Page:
It’s Official (again), Bitcoin Is Money

Bitcoin has been shrouded in mystery – and the subject of endless discussion – since it was a twinkle in Satoshi Nakamoto’s eye in 2007. According to legend, Nakamoto, on record as living in Japan, may in fact be a collective pseudonym for more than one person. That’s just the beginning. For more on the fascinating history of Bitcoin, click here.

How does Bitcoin work? This brief video is as good as it gets for learning about the first truly decentralized currency in our lifetime.

Want to dig deeper? Marco Santori is a New York attorney specializing in virtual currency. We recommend subscribing to his podcast, The Lawyerist, if you are interested in expanding your knowledge of this space.

Podcast #14: Marco Santori on What Lawyers Should Know About Bitcoin

Why is this relevant now? Monday, U.S. District Judge Alison Nathan ruled that Bitcoin is money, according to an article by Jonathan Stempel.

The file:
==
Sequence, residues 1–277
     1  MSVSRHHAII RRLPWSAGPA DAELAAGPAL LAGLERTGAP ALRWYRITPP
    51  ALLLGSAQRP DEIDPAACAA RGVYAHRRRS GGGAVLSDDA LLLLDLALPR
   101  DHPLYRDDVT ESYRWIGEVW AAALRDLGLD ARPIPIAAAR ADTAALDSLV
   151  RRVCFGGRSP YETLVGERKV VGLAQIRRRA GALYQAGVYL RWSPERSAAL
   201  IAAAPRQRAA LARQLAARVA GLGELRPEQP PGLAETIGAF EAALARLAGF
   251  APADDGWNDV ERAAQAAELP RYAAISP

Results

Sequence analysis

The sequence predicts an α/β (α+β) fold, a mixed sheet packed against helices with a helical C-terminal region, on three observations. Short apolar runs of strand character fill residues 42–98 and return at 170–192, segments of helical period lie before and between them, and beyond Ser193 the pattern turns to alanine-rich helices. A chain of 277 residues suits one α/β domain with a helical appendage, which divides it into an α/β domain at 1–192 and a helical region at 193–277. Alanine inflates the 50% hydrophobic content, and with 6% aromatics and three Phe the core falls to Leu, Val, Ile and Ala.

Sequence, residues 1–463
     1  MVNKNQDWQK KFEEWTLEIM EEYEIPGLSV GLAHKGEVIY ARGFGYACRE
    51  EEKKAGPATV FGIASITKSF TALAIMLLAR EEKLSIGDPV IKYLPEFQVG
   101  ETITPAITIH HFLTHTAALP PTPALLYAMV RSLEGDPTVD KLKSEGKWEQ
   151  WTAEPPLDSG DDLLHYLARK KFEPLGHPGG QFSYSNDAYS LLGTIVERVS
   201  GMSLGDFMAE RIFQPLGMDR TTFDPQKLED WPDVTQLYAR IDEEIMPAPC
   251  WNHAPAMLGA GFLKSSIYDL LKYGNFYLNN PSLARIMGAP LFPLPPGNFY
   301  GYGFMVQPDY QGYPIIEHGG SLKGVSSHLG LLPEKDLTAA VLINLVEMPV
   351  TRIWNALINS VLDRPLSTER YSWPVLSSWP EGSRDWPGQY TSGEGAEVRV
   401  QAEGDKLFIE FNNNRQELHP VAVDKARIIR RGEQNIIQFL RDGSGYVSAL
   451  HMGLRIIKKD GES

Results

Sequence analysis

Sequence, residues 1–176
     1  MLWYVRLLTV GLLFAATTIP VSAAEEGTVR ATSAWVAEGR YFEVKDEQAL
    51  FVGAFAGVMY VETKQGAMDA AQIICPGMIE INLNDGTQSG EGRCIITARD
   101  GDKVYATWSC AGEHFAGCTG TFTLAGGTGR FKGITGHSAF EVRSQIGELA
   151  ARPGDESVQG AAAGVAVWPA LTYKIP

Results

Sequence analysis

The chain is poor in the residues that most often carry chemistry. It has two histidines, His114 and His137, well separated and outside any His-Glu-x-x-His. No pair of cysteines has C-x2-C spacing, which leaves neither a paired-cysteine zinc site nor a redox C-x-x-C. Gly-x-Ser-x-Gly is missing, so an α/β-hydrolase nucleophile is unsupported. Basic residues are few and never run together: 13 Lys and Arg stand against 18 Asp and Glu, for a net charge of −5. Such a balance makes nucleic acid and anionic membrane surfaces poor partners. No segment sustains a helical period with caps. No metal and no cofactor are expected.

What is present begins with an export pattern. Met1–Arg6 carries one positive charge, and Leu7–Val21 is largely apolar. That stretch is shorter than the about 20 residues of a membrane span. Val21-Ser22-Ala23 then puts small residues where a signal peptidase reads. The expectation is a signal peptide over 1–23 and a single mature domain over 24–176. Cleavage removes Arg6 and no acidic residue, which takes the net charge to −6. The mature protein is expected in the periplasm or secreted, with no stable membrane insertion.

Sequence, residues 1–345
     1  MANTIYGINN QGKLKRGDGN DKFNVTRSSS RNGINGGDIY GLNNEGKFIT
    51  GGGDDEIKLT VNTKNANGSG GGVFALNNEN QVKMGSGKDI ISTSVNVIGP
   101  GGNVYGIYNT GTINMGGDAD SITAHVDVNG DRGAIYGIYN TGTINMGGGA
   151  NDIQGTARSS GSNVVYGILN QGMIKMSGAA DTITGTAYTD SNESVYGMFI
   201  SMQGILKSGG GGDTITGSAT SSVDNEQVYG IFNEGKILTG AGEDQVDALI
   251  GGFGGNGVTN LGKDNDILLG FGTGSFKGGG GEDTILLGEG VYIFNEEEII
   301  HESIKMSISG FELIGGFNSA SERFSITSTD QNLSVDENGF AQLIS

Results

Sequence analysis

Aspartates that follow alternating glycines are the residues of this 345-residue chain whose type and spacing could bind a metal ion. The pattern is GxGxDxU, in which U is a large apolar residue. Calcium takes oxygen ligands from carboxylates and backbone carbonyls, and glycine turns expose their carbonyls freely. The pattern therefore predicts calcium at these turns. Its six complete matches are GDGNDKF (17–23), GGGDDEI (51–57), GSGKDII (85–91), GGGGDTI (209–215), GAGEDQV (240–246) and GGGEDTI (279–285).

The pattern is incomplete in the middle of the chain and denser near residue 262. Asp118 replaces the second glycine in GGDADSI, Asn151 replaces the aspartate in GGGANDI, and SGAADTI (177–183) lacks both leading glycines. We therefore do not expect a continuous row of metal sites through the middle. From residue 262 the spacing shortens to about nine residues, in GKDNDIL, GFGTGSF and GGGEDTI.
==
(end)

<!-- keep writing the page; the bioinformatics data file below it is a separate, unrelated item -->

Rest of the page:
U.S. District Judge Alison Nathan in Manhattan rejected a bid by Anthony Murgio to dismiss two charges related to his alleged operation of Coin.mx, which prosecutors have called an unlicensed bitcoin exchange.

Murgio had argued that bitcoin did not qualify as “funds” under the federal law prohibiting the operation of unlicensed money transmitting businesses.

But the judge, like her colleague Jed Rakoff in an unrelated 2014 case, said the virtual currency met that definition.

(Click here to continue to full article.)

This comes after  a decidedly different decision in Miami in July. Tech circles paid close attention to the ruling of Florida v. Espinoza, where it was decided that Bitcoin is not money, at least not yet, and the currency still has “a long way to go.”

Miami-Dade Circuit Judge Teresa Mary Pooler ruled that Bitcoin was not backed by any government or bank, and was not “tangible wealth” and “cannot be hidden under a mattress like cash and gold bars.” Click here for the full article.

I guess we will all have to stay tuned. For now, Bitcoin is legitimized (again).

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